Traditional Christian clerics still see dangers in the practice. In the Northern Irish city of Derry-Londonderry, a Catholic priest caused a local furore in February by telling his parishioners that yoga, and even Indian head massage, could open people to demonic influences. Around the same time, a Church of England priest in Bristol told a yoga teacher who had been instructing hundreds of people on church premises to find other quarters. The teacher, Naomi Hayama, complained bitterly, on grounds that her kind of yoga, at least, was certainly not an alternative faith. “They are trying to say that is a spiritual practice but my classes are not. I respect people who are religious but I am not,” she said.

FULL ARTICLE FROM THE ECONOMIST 

Judge Upholds MTA Ban on Political Ads Including Pamela Geller’s Islamophobic Posters

A MAY 7, 2015 FILE PHOTOMARK LENNIHAN/AP

Pamela Geller, pictured in May, lost her fight in Manhattan Federal Court to be allowed to post Islamophobic ads on New York buses.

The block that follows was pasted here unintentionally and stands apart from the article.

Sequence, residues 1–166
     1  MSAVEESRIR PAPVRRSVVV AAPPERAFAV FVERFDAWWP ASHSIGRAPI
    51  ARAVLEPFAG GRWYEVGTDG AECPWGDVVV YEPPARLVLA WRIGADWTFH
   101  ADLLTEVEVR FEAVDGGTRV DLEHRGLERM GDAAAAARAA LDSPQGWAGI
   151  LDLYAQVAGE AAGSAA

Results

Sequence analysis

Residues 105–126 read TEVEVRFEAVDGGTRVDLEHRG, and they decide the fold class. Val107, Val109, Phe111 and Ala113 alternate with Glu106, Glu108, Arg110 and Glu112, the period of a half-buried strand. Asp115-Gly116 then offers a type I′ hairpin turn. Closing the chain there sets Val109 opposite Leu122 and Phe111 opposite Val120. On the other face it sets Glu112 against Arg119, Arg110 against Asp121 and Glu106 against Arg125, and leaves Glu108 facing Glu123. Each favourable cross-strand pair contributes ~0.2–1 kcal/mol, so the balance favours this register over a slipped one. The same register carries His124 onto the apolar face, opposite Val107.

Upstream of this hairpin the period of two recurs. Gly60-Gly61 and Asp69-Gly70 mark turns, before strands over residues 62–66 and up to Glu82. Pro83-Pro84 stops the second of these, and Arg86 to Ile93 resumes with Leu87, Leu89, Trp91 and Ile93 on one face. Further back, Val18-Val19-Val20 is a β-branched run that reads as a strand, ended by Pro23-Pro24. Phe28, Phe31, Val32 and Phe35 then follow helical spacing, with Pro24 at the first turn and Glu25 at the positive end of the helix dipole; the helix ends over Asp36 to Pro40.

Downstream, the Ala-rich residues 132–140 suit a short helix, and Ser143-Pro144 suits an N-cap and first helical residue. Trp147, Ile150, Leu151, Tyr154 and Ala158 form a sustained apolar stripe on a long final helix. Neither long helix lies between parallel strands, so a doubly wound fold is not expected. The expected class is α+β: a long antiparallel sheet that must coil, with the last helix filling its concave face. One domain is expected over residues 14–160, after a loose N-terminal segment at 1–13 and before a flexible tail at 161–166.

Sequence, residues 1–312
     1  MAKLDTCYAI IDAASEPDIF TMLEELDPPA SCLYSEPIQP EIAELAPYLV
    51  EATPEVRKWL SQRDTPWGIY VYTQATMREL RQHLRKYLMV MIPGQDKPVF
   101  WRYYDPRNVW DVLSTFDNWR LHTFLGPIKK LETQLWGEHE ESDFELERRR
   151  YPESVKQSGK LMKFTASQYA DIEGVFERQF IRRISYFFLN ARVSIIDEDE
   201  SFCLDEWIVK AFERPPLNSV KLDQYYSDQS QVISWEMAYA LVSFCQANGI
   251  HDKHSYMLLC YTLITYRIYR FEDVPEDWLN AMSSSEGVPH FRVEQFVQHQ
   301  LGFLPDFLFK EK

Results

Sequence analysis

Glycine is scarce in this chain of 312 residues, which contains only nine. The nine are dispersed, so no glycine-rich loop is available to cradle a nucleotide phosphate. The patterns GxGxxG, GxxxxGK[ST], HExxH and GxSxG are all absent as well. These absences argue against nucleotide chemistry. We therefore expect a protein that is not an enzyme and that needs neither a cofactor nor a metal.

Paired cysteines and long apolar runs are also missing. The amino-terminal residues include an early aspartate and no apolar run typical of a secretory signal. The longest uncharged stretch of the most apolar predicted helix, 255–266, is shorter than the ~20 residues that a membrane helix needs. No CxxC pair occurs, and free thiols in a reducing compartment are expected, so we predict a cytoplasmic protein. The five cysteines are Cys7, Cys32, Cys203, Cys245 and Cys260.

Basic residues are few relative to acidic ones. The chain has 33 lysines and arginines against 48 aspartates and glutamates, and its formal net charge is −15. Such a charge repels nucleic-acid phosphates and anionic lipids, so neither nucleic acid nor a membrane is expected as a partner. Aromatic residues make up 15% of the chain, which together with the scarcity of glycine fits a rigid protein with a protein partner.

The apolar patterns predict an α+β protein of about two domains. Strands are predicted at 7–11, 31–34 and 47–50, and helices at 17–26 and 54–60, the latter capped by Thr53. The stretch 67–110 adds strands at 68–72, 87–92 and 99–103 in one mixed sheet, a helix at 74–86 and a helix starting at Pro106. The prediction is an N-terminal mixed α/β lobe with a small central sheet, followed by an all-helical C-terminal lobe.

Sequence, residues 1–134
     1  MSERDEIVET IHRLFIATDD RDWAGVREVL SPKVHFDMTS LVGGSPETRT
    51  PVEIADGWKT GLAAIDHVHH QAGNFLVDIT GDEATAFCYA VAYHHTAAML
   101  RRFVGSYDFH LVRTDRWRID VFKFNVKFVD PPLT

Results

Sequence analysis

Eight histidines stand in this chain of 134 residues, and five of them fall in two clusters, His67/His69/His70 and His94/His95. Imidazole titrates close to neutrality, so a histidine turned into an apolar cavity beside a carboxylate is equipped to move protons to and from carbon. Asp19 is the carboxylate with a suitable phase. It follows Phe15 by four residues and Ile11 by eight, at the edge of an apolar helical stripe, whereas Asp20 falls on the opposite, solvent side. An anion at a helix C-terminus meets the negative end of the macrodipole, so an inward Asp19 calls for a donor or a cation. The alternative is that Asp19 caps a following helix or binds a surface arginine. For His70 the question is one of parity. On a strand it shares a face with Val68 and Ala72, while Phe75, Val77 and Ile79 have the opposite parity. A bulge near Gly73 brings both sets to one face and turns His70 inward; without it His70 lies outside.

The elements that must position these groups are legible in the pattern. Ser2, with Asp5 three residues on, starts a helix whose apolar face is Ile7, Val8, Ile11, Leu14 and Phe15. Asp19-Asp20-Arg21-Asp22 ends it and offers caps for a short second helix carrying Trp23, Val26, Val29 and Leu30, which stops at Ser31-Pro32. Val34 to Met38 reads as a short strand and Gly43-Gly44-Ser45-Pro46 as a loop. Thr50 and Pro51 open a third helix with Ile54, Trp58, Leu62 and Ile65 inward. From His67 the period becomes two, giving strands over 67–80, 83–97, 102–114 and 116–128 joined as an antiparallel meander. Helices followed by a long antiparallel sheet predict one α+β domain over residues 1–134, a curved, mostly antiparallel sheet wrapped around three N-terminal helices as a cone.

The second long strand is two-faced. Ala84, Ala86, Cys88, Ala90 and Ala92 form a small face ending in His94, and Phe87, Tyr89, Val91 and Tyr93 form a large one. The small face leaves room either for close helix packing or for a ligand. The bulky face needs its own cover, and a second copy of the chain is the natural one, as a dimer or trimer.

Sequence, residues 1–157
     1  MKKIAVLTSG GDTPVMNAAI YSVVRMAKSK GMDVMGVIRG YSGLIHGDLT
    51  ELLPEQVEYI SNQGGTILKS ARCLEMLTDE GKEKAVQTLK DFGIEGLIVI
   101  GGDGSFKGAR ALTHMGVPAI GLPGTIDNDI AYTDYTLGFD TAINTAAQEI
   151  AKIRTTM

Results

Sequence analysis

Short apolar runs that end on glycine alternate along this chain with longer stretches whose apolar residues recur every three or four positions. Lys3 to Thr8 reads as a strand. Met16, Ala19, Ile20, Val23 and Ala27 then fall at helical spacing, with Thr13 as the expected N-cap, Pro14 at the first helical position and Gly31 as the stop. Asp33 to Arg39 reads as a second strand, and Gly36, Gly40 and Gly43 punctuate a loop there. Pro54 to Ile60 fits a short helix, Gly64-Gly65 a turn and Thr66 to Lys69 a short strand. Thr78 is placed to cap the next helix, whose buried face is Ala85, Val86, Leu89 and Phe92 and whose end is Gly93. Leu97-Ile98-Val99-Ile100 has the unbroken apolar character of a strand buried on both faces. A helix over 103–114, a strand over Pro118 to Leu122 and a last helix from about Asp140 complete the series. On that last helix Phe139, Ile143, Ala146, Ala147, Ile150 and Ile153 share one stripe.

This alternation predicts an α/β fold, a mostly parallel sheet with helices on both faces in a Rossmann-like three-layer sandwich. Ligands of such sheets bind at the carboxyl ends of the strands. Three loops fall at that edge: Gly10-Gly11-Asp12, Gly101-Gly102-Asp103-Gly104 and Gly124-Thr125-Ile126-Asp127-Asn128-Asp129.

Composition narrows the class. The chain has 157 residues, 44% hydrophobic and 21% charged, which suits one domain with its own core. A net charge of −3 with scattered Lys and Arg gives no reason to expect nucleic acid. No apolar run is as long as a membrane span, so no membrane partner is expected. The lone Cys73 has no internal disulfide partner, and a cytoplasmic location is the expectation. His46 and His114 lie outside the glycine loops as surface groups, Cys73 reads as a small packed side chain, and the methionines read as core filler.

Conservative firebrand Pamela Geller’s Islamophobic posters will not appear on Nwe York City buses any time soon.

A Manhattan Federal Court judge has ruled that the MTA’s recently revised policy banning all political advertising in subways and on city buses renders moot his previous ruling that Geller’s ads were protected speech.

U.S. District Judge John Koeltl had said in April that the posters — showing a menacing man with his face masked in a Middle Eastern-style scarf next to the quote “Killing Jews is worship that draws us close to Allah” — should be allowed to be displayed like other political ads in the MTA system.

Before the bills went up, the MTA board then voted to change its policy and banned controversial political ads altogether — a move Geller’s team argued was done in bad faith.

An example of Geller's posters.PAMELAGELLER VIA INSTAGRAM

An example of Geller’s posters.

Koetl disagreed.

“No law requires public transit agencies to accept political advertisements as a matter of course, and it is not for this Court to impose its own views on what type of forum the MTA should create,” Koetl wrote.

FULL ARTICLE FROM THE NEW YORK DAILY NEWS